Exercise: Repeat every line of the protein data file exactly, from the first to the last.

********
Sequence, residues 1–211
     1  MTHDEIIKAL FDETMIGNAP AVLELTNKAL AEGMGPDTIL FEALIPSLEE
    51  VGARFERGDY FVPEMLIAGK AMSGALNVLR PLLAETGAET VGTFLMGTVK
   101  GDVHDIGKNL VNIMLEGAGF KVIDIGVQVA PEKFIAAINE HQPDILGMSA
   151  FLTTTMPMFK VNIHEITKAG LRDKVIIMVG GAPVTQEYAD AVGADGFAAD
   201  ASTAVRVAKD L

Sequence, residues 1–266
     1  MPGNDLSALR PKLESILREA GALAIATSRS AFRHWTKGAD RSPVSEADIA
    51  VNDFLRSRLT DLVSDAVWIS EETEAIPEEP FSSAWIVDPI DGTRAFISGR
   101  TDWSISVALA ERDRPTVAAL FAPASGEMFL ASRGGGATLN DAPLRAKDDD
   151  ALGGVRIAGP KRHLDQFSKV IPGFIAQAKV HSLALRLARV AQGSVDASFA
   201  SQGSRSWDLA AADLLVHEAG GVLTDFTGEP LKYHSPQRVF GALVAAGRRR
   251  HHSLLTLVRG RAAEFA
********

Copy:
Sequence, residues 1–211
     1  MTHDEIIKAL FDETMIGNAP AVLELTNKAL AEGMGPDTIL FEALIPSLEE
    51  VGARFERGDY FVPEMLIAGK AMSGALNVLR PLLAETGAET VGTFLMGTVK
   101  GDVHDIGKNL VNIMLEGAGF KVIDIGVQVA PEKFIAAINE HQPDILGMSA
   151  FLTTTMPMFK VNIHEITKAG LRDKVIIMVG GAPVTQEYAD AVGADGFAAD
   201  ASTAVRVAKD L

Sequence, residues 1–266
     1  MPGNDLSALR PKLESILREA GALAIATSRS AFRHWTKGAD RSPVSEADIA
    51  VNDFLRSRLT DLVSDAVWIS EETEAIPEEP FSSAWIVDPI DGTRAFISGR
   101  TDWSISVALA ERDRPTVAAL FAPASGEMFL ASRGGGATLN DAPLRAKDDD
   151  ALGGVRIAGP KRHLDQFSKV IPGFIAQAKV HSLALRLARV AQGSVDASFA
   201  SQGSRSWDLA AADLLVHEAG GVLTDFTGEP LKYHSPQRVF GALVAAGRRR
   251  HHSLLTLVRG RAAEFA